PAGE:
It looks like I've linked you here myself. Linking people to a blogpost I wrote is often a bit
akward, especially at work.
I likely shared this blog in an attempt to further a conversation. Usually the post does a better
job at succinctly sharing information
than I could by talking.
In any case, I hope me sharing this post doesn't come across as
really the opposite of what I'm trying to achieve.
Thanks for reading!
7 min read
How to pick them carefully
I’m naturally a talker, always ready to share stories or an opinion. While I’m aspiring to gain more of the humility and thoughtfulness that I admire in good listeners, there’s a few insights about using language effectively that have made me a better communicator already.
Resilient Management is a great book for both new and more experienced people managers in tech. It’s short and reads easily. Amygdala hijacking is introduced in Chapter 1.
Picking the right words
Word choice is so important. Picking the right word can quickly and accurately convey meaning, especially when jargon is involved.
Yet, I’ve found that not picking the best possible word immediately isn’t so much a problem: we get to use more words to further explain ourselves.
Picking the wrong word(s) however, often has much more impact as it can derail an entire conversation.
While most of us know this intuitively, for me this insight has become much more explicit since learning about Amygdala Hijacking. I first encountered this term in Lara Hogan’s excellent book Resilient management.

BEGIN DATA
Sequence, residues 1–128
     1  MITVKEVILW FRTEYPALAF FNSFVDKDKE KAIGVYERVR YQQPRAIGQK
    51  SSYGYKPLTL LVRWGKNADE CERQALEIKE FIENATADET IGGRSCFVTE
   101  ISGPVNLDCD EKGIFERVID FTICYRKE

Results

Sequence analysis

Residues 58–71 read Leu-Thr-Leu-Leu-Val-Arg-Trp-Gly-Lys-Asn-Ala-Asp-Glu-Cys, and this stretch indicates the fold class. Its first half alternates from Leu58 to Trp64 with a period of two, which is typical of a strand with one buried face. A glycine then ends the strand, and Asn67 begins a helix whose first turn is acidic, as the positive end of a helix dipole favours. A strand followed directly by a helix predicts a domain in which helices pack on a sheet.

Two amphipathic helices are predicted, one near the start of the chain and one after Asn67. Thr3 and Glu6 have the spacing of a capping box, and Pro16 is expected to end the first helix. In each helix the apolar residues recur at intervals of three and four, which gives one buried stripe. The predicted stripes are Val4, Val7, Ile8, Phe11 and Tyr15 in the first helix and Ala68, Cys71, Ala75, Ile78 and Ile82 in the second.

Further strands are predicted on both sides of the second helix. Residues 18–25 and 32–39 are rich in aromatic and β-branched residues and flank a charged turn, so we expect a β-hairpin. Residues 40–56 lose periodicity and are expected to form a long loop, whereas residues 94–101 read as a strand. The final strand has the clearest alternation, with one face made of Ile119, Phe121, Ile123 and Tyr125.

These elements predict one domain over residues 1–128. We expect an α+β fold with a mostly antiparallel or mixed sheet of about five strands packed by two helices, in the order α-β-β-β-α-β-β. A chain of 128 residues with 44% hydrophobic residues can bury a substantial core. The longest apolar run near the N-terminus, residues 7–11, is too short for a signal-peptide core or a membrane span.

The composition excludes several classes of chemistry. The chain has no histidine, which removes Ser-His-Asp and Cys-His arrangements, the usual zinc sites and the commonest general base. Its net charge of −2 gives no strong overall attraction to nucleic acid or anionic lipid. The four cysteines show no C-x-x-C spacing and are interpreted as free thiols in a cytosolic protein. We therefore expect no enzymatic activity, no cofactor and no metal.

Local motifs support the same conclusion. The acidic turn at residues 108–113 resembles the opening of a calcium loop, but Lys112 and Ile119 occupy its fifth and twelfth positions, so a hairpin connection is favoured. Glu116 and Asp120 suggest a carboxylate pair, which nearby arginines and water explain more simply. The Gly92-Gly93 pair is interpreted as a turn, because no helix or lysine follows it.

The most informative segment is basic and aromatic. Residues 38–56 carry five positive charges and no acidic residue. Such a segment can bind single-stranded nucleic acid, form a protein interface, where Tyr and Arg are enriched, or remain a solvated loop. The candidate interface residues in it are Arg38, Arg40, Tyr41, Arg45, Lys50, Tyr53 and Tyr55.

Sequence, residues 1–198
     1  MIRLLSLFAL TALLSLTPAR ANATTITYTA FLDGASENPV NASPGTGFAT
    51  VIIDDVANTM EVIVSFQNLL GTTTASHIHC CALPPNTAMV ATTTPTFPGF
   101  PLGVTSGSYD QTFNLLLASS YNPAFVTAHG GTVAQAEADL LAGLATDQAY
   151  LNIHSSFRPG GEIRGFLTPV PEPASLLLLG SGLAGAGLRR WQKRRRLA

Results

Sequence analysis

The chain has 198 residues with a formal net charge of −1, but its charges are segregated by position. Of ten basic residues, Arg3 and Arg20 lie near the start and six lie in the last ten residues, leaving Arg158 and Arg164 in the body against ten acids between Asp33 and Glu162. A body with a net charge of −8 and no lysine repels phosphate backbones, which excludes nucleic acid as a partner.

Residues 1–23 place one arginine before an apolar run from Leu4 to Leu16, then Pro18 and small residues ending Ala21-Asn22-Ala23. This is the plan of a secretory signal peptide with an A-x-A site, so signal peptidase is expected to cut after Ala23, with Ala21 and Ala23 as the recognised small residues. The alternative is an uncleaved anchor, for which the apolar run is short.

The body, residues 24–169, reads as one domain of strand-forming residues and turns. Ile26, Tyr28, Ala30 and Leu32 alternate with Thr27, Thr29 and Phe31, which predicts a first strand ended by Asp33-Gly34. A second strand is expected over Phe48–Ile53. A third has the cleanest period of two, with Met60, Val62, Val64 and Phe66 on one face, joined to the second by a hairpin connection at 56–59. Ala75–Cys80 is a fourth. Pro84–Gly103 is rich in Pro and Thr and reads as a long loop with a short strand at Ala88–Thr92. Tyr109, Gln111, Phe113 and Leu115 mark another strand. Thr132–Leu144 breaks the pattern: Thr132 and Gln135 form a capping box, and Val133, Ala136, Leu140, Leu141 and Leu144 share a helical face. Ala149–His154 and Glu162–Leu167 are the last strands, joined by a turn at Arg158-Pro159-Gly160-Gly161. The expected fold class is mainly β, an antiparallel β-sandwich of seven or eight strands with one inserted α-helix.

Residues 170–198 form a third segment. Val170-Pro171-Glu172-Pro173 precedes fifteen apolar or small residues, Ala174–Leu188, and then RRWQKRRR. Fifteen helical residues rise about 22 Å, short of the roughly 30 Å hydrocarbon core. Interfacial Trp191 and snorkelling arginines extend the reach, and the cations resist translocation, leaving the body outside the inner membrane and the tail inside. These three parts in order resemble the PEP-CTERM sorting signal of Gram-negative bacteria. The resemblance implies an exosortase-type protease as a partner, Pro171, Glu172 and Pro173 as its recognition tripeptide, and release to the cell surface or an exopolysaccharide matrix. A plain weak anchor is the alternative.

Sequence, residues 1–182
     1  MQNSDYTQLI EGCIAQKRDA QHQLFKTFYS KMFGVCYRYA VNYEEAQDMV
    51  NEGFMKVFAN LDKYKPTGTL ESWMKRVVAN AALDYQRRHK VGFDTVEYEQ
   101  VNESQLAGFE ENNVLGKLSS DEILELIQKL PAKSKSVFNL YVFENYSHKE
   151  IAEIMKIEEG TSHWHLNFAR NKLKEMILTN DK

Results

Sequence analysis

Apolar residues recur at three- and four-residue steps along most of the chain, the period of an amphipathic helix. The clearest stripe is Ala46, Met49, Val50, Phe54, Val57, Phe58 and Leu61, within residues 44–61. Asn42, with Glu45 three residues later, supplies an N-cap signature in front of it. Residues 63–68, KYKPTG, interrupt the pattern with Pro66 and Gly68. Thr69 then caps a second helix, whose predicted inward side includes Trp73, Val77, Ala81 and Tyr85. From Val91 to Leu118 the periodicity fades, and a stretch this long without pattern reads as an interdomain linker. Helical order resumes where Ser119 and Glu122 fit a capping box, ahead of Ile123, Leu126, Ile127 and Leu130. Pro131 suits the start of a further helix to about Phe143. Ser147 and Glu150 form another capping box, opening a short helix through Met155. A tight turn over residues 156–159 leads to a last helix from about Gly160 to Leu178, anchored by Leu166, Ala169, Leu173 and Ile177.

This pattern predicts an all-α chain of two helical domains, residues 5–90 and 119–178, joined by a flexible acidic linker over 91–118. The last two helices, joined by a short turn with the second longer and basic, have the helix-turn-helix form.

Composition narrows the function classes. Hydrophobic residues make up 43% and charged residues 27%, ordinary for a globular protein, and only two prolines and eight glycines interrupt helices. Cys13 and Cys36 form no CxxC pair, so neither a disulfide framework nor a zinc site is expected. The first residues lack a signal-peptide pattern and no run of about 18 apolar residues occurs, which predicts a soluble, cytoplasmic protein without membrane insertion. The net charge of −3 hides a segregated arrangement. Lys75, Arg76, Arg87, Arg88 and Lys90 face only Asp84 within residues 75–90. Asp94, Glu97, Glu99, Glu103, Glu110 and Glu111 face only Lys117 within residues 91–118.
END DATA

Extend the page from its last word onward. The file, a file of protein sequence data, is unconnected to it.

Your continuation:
Amygdala hijack - a threat response to an emotional stimulus.
Wikipedia describes Amygdala Hijacking as “an emotional response that is immediate,
overwhelming, and out of measure with the actual stimulus because it has triggered a much more significant emotional threat.”
I’ve found that such a response often occurs when dealing with:
Bad news or major changes: because there’s an evolutionary benefit for the body to go into a fight-or-flight response when there is a major change in our environment.
Unnuanced feedback: because when someone’s too direct or blunt, they tend to present an unbalanced view of things. When on the receiving end, this triggers the “fight” (i.e. defend yourself) mode in most of us.
Moral/Value/Culture clash: because when there’s a clash on our core beliefs, our initial response is often to take that very personally and make black-and-white judgements about “the others”.
In my experience, once you’ve triggered the AmygdalaHijack response in someone, there’s usually no recovering from that during the same interaction.
Getting practical: being mindful about language
In order to avoid Amygdala Hijacking, here’s some things I try to practice:
ROI: Not meaning Return On Investment, but rather Relationships Over Issues (yes, that wordplay is intentional). Too often, we get caught up and argue over relatively small issues, in some cases even hurting a good relationship over a triviality. It’s easy to get caught up in the moment - this happens to me all the time. There are exceptions of course: stay authentic, you don’t need to renounce your core values or beliefs to please someone else.
Cultural Awareness: Culture plays such a big factor in (mis)communication. I was lucky to learn about Hofstede’s Cultural Dimensions Theory while still in school and have thought about it a lot since then. While the Hofstede model might come across a bit academic at first, I’ve still found it to make a good framework for further thinking and conversation.
On the Hofstede Insights website, you can compare cultures by 6 different “cultural dimensions” - fascinating stuff.